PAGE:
Joy Austin from Healing Hearts Rescue has lots first-hand experience on how to find homes for hard-to-adopt pets. Joy is the director of Healing Hearts Animal Rescue, a small local animal rescue organization for cats and dogs with special needs. She has over eight years of experience fostering cats and dogs who are blind and deaf, as well as cats with AIDS, leukemia and FIP. So when she contacted us about this article she wrote for her Examiner column, and we read the excellent advice she has for shelter and rescue volunteers or staff, “Finding homes for hard-to-adopt pets,” we knew we wanted to share it with you! Joy talks about taking good photos, reaching out seniors in the community, and foster-to-adopt programs. But what really caught our attention was her to-the-point advice about “Writing an Appealing Profile.” You can click that link to read her full article – and Joy gets a few pennies donated to her rescue for everyone that reads it too, so please do! But here is some of the excellent profile-writing tips she shares:
“Before writing your hard-to-adopt pet’s profile, take a moment to pause and imagine that you are this pet’s perfect adopter. Imagine that you love everything good about this pet and that you are willing to overlook the pet’s faults. Now try to write the profile from that perspective.
First describe everything positive that you possibly can about the pet. Is it pretty? Does it have a fluffy or soft coat? It is housetrained or litter-trained? Does it shed very much? For a dog, does it walk well on a leash? Does it chew on things? Is your pet comfortable with children, cats or dogs? Is it playful?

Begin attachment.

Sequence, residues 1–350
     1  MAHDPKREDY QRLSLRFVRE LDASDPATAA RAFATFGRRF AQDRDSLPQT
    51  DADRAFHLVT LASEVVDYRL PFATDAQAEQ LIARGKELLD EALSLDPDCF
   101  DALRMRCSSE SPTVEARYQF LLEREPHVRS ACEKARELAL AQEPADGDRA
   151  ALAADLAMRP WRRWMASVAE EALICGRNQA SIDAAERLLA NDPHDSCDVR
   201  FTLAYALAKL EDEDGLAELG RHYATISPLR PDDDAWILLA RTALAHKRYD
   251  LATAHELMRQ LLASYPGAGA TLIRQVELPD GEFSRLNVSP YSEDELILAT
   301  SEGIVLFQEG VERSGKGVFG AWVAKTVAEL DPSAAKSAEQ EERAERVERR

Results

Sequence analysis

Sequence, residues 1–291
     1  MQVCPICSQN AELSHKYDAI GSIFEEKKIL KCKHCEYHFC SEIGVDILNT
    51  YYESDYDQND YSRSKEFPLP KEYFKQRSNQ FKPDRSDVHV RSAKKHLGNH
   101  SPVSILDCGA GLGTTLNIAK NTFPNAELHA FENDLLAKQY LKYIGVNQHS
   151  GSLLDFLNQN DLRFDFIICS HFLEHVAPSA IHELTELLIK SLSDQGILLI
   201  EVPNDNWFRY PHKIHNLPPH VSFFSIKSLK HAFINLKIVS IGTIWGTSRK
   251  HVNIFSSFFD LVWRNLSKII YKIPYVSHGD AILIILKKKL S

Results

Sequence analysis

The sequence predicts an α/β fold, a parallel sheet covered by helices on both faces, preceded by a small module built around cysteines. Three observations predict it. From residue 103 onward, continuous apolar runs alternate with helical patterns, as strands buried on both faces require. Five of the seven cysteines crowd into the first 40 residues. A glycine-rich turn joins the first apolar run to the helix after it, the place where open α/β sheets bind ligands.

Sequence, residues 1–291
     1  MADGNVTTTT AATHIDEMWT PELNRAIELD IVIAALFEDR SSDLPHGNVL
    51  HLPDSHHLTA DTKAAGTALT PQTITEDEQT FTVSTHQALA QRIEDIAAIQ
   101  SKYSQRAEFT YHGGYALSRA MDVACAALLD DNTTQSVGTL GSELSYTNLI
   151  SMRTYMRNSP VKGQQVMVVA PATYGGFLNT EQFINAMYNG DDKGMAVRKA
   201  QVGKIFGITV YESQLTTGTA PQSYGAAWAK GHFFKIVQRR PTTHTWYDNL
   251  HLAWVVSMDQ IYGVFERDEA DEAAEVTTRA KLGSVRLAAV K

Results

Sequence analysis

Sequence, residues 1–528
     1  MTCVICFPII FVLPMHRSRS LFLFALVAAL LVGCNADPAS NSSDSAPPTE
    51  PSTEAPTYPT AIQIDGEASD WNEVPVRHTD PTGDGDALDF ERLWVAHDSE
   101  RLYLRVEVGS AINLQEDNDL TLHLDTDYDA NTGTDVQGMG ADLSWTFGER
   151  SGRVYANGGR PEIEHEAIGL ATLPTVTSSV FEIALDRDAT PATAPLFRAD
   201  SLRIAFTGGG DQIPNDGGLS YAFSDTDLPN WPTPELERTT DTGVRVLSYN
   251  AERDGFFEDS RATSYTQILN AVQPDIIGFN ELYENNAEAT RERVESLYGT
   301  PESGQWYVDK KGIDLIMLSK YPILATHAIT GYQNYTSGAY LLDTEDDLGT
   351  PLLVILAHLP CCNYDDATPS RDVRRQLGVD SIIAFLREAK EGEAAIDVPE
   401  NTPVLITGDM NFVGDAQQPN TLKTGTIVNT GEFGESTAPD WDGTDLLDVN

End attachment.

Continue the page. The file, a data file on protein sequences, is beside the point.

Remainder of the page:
Next, consider all of the animal’s faults and think of ways to restate them positively. For example, rather than say that your foster dog is a “nuisance barker”, you can say that he “is a good protector, quick to bark at any stranger who approaches his yard.” Instead of saying that a cat is “semi-feral”, you can say “she prefers the company of other cats to people and is not a lap cat.”
It is important to be completely clear with potential adopters about all of your foster animal’s good points and bad points before the adoption is finalized, but the goal of the pet profile should be to get the adopter excited about what a wonderful animal you have. Once they have decided how much they want your pet, they can discuss the details with you as to whether it would actually work out or not.
If your pet has a highly desirable trait such as being good with children or being snuggly, then highlight this in a visible location like the name line. Healing Hearts Animal Rescue was flooded with emails when we listed Serenity as “Serenity loves kids” and ultimately found the perfect forever home because she was listed on pet adoption websites with that headline, even though she is not fully housetrained.
As a catchy alternative to standard profiles, try rewriting your pet’s profile in first person. Halle’s profile is a great example of how this style, combined with positive reversal of negative traits can make a semi-feral cat sound like a cat anyone would want to bring home…”
You can read the rest of her article with the examples here: Finding homes for hard-to-adopt pets.
To learn more about Purina’s support of animal welfare organizations around the U.S., and to see if you are eligible, visit www.purinashelterchampions.com